Alaskan Officials Investigate Beheading of 25 Walruses

Alaskan authorities are investigating the deaths of 25 walruses, including 12 babies. Above, two unharmed walruses appear at a zoo in Germany on July 2. Fabian Bimmer/Reuters

The deaths of 25 walruses are being investigated near Cape Lisburne, Alaska after photographs reportedly showed the animals, including a dozen babies, had been shot and beheaded, according to Alaska Dispatch News.

Officials with the U.S. Fish and Wildlife Service in Alaska were first notified of the incident when they received an email containing photographs of the animals earlier this month. From there, an investigation began.

"They were reporting that these animals had been shot and their heads had been taken," Andrea Medeiros, a spokeswoman for the service, told the Dispatch News. "Time is of the essence in a case like this. You have to get out there and look at the animals, because you have animals that can feed on these carcasses and crime scenes can be damaged by natural feeding."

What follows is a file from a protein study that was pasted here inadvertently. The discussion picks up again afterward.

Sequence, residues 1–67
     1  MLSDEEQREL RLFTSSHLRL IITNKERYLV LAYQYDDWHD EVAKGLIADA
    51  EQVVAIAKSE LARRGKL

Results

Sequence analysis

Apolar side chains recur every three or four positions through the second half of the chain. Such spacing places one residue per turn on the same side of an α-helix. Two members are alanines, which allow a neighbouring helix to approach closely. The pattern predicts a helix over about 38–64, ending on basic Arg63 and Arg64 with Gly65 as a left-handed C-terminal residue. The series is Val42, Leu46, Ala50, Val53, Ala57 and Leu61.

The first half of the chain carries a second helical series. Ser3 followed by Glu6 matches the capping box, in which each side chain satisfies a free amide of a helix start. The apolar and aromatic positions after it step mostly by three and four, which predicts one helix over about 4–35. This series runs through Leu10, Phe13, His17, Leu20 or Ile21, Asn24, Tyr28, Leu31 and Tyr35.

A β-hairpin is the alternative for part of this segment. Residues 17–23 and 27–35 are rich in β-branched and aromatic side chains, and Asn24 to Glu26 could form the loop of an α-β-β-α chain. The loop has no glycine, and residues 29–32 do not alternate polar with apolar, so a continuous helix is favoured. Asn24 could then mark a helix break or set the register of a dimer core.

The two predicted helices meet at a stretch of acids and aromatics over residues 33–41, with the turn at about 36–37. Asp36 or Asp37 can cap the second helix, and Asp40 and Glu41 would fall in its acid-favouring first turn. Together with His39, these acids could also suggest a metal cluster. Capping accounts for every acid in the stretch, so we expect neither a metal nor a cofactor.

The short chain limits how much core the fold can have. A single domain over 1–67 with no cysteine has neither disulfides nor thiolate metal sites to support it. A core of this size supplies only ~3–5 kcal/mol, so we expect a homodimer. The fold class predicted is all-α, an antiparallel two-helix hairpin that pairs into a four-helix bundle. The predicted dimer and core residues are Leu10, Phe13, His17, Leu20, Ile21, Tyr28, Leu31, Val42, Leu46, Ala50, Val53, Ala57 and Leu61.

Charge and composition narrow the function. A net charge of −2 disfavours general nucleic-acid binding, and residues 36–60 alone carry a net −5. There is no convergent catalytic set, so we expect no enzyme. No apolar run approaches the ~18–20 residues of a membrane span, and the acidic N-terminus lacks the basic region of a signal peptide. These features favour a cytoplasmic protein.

Killing walruses is not strictly illegal in the northernmost state: Native Alaskans are allowed to kill the animals for food. However, killing a walrus just for its tusk is not allowed.

"To take walrus legally, it has to be nonwasteful take—they can't just kill an animal for the ivory, and of course non-Natives are not allowed to take walruses," Medeiros explained.

A second group of dead walruses was found near Point Lay, Alaska last week; however, these 37 walruses are thought to have died of natural causes. According to the Associated Press, walruses can die from trampling and exhaustion. Babies can die if separated from their mothers.